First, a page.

Air Force One Buzzes Death Star; Governor Tarkin "Furious"
Maybe President Obama needs an Image Czar, not merely in the sense of someone qualified to create and manage photo opportunities but someone who would have nixed the ill-considered Air Force One debacle on Monday morning.
The latest government official with egg on his face is Louis E. Caldera, director of the White House Military Office, who approved the mission of flying a kind of stunt double for Air Force One over New York Harbor (and hence through air space still tinged with the tragedy of 9/11) for an "iconic" photo op with the Statue of Liberty. The stunt caused a panic which had office workers reeling out of buildings along the Manhattan and Jersey City waterfronts and NYC's Mayor Bloomberg in an apoplectic state. Apparently, while local law enforcement had been notified in advance of the event, they were not allowed to notify the press or the public; somehow, a prolonged aerial manuever by a 747 and two F-16 jet fighters in broad daylight over one of the mostly densely populated areas on earth was "classified information." This was breathtakingly bad judgement, to be sure; everyone from Bloomberg and the President on down to op-ed writers, citizen bloggers and commentators are in agreement on that. What strikes me is what a wrong-headed exercise this was to begin with.
First of all, the whole idea of treating Air Force One like a celebrity— framing an aircraft used merely to transport the President of the United States with a heroic narrative— is, as we say in the biz, off-brand. The President would not be buzzing the Statue of Liberty or Mount Rushmore or any other iconic American tourist destination under any justifiable circumstances. That is not his job. That would be a job for military show pilots such as the Blue Angels; the President flies in a Jumbo Jet—in double-wide, high and distant, clear and secure air lanes. Over-promising is a marketing no-no. A cold beer will not hydrate you, and Barack Obama is not Harrison Ford; nor does he have Jack Bauer on his payroll. Most importantly: the jet is not an independent entity, and therefore should not be utilized in the manner of a mascot; or even, really, in the manner of a brand.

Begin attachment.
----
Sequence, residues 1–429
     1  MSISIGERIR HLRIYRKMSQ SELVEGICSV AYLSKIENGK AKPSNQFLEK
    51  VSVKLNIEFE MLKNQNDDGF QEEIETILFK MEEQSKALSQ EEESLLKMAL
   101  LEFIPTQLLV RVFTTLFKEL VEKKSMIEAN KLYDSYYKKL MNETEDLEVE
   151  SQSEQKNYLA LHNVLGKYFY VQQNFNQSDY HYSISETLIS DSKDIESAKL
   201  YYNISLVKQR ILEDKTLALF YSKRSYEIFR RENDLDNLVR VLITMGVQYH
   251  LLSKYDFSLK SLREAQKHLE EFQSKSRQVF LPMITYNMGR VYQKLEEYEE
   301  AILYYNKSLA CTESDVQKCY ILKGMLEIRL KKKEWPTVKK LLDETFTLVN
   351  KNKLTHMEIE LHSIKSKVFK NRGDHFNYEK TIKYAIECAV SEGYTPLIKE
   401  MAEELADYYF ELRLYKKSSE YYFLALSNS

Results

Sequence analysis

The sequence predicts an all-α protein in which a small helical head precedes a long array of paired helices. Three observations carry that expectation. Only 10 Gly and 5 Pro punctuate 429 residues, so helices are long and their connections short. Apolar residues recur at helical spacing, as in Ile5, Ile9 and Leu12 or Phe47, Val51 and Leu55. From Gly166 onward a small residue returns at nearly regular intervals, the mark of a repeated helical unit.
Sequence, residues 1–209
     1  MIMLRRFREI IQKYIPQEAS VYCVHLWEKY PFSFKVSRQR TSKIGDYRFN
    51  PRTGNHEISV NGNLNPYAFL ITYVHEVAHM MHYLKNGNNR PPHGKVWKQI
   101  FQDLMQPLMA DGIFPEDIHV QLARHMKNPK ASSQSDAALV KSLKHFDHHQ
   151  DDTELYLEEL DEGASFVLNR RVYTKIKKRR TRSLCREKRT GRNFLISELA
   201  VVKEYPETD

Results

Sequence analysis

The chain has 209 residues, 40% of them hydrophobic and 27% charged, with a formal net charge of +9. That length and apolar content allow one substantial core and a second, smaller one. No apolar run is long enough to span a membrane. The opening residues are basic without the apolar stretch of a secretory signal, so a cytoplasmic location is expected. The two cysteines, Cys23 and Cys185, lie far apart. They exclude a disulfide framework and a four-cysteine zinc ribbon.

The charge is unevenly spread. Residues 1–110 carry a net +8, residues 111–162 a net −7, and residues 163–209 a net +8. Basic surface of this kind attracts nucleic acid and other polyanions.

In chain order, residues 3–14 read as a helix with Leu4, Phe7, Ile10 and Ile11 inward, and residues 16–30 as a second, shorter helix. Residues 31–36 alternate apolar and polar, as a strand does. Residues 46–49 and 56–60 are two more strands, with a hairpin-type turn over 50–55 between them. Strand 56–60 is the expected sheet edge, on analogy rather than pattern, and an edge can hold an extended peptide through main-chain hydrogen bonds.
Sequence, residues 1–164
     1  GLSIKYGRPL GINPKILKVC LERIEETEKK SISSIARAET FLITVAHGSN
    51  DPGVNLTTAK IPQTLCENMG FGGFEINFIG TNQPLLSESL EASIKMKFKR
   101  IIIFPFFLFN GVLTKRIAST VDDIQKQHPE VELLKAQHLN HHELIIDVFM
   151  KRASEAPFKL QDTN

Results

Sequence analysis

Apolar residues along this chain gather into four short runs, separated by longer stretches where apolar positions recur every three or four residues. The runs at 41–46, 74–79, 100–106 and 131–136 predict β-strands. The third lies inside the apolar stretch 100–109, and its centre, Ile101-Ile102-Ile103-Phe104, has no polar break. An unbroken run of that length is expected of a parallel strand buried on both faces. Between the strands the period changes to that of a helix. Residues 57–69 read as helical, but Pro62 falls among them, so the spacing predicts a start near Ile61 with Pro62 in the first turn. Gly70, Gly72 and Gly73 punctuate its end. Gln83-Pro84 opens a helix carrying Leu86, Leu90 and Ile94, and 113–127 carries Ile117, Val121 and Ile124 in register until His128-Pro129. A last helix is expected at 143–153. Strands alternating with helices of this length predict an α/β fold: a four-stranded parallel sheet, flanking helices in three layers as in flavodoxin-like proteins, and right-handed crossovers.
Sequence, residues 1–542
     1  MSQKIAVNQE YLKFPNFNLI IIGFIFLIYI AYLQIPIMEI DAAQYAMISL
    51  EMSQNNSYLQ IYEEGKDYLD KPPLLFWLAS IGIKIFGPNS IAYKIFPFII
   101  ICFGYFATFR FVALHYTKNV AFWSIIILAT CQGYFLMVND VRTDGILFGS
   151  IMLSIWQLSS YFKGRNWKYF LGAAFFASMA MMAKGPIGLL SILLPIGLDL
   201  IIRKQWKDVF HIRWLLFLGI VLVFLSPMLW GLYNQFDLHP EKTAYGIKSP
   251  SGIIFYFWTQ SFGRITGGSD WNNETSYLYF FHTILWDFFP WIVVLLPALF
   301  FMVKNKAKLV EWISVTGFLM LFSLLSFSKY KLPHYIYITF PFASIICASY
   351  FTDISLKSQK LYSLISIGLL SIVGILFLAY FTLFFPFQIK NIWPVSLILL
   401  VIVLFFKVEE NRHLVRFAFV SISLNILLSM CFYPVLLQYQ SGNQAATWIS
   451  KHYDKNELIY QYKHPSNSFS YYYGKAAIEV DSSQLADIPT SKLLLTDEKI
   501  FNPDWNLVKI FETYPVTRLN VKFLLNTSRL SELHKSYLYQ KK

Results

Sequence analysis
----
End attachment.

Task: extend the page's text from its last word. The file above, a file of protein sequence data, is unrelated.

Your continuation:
Secondly, this is the digital age. If you want to go ahead and defy logic and good sense to show Air Force One and the Statue of Liberty in the same shot, you don't actually have to waste hundreds of thousands of dollars on jet fuel and insurance. Ever hear of Photoshop? CGI? I saw a movie last year about a 300-foot sea monster tearing Manhattan to pieces, and it was pretty damn convincing. They didn't have to sedate the thing, air drop it into Times Square and shout "Action!" And it took longer for me to write this post than it did for me to cobble together the image (above) of Air Force One flying down the Death Star trench.
If you want the cheesola that badly, Mr. Caldera, you could keep Industrial Light and Magic on retainer, you know. Or better yet, you could offer a paying gig to one of the many talented digital artists out there— many can be found at a site like SciFi-Meshes.com, for instance.
No need to freak out swine-flu-frazzled New Yorkers, honestly.
Credits—Death Star image element: scifi-meshes.com